Speaking during his company's quarterly earnings conference call, Cook told analysts that Apple is on the lookout for companies with talented employees and "great technology." But a key factor for those acquisitions is that they "fit culturally," the CEO said.
Cook also said that Apple considers whether its acquisitions will make sense and add value for shareholders over the long haul before the company goes through with a purchase.
"We are not in a race to spend the most or acquire the most," he said. "We're in a race to make the best products that enrich people's lives."
"We don't have a rule that says we can't spend a lot or whatever. We'll spend what we think is a fair price." - Apple Chief Executive Tim Cook
Cook admitted that Apple tries to keep its acquisitions a secret, though sometimes that seems like an "impossible" task. But he assured analysts and media on the conference call that purchases of companies will continue.
Apple has historically purchased smaller companies in strategic deals, never having spent more than $1 billion on any acquisition. But Cook said that could change, if it were the right deal.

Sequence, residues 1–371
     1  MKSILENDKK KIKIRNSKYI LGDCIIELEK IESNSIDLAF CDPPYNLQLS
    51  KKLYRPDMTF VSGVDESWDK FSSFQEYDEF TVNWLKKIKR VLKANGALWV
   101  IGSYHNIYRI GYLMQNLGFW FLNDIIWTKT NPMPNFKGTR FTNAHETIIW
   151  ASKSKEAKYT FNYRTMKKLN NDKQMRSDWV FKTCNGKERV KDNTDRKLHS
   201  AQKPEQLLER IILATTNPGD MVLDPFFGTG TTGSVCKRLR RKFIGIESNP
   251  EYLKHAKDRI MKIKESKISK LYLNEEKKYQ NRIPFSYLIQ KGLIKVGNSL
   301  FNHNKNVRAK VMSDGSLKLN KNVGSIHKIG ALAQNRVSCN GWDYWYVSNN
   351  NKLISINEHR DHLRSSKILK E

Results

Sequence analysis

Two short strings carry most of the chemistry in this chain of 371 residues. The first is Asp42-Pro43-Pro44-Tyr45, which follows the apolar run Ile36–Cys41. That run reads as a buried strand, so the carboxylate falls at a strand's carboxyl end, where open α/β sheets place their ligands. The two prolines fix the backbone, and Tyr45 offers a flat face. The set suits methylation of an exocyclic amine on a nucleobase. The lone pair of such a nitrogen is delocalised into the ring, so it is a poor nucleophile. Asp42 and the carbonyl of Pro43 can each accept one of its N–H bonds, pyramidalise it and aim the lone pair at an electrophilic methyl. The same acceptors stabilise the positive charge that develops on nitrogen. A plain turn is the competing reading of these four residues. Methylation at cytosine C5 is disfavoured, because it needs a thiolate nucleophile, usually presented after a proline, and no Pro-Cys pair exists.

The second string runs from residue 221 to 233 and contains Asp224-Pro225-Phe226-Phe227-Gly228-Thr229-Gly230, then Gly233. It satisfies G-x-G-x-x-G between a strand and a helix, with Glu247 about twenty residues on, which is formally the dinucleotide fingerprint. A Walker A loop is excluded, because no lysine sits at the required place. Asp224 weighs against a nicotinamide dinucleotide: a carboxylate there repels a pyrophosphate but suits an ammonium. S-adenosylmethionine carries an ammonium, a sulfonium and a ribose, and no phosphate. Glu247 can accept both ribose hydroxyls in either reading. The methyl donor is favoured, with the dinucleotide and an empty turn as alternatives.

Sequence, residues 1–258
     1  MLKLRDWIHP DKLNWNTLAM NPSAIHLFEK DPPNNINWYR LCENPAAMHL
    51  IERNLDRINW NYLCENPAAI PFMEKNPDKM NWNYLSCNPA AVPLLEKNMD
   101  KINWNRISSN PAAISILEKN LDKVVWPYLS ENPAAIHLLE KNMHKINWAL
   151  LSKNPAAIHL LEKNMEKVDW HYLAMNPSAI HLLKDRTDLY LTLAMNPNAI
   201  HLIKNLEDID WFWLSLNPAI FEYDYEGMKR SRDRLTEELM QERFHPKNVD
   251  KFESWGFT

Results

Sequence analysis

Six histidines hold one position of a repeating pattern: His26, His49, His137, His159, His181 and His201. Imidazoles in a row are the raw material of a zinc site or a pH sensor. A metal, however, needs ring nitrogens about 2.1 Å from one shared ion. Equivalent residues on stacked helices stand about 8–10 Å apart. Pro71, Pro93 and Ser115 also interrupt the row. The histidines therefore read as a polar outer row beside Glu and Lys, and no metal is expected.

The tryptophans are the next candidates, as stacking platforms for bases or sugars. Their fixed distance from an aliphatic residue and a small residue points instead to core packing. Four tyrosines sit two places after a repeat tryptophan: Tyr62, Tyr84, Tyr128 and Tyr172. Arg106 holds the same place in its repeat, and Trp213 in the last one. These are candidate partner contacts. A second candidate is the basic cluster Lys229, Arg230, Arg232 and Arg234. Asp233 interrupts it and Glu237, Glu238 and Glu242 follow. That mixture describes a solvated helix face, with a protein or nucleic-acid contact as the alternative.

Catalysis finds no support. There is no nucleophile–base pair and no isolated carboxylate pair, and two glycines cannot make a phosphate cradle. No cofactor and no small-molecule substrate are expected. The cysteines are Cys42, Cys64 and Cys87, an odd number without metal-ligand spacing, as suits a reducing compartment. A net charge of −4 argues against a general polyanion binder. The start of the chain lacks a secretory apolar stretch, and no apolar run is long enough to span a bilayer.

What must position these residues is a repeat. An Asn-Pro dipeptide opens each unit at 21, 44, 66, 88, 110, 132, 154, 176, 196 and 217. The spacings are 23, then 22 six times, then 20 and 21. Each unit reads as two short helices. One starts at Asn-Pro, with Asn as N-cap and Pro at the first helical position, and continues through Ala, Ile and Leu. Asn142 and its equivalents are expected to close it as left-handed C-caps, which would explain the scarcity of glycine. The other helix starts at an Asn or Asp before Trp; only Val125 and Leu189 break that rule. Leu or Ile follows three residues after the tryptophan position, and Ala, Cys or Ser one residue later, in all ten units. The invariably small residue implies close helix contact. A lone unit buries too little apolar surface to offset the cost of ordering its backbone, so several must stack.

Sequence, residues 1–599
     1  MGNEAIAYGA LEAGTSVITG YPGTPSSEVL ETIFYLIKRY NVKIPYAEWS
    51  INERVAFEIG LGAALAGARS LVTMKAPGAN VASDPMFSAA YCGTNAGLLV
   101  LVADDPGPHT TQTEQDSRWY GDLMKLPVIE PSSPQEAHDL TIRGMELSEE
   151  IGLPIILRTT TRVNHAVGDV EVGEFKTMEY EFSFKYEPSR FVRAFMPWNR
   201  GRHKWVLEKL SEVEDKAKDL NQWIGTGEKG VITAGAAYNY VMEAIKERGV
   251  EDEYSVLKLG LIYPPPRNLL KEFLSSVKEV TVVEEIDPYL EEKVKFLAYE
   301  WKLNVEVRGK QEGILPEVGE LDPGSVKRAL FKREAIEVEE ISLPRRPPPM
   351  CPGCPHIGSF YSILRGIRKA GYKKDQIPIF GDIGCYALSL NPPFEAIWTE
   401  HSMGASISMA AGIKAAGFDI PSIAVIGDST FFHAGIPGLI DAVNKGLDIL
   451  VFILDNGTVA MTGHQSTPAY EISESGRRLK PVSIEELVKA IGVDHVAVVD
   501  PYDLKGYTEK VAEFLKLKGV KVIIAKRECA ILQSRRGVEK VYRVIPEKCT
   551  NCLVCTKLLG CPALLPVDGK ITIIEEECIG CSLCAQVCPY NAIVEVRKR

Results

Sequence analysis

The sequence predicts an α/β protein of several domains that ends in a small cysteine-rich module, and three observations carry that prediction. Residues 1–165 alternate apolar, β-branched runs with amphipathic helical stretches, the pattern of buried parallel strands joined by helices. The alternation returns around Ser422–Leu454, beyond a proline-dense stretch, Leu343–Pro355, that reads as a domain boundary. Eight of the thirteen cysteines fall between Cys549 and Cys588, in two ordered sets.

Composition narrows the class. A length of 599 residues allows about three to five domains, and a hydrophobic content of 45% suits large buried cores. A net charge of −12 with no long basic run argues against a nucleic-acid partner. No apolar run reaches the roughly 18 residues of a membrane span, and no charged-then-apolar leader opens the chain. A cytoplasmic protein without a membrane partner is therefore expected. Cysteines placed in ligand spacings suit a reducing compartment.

"We don't have a rule that says we can't spend a lot or whatever," Cook said. "We'll spend what we think is a fair price."
The CEO originally revealed at the end of February that Apple had bought 23 companies in the previous 16 months. That would suggest that Apple has since made one more purchase.
That 24th company may be Japanese chipmaker Renesas SP Drivers, as a potential deal between the two parties was rumored earlier this month. The company makes LCD chips for Apple's iPhone, and was said to have been in talks for a $479 million buyout.
Apple made a number of acquisitions in 2013, a good portion of which were related to mapping, signaling that the company is acquiring talent in an effort to bolster its own Maps product for iOS and OS X. Among those purchases was public transit and navigation firm HopStop, crowd-sourced mapping data startup Locationary, indoor GPS company WifiSLAM, and digital mapping firm BroadMap.
Other deals from the last year-and-a-half include the purchases of:
- 3D motion sensor firm PrimeSense, said to be worth $360 million,
- social media analytics firm Topsy for a reported $200 million,
- personal assistant app Cue allegedly for at least $35 million,
- burst photo app maker SnappyCam for an undisclosed price,
- speech recognition firm Novauris for an unknown sum,
- power-efficient chipmaker Passif Semiconductor without a rumored price,
- and second-screen app maker Matcha.tv for an alleged $1.5 million.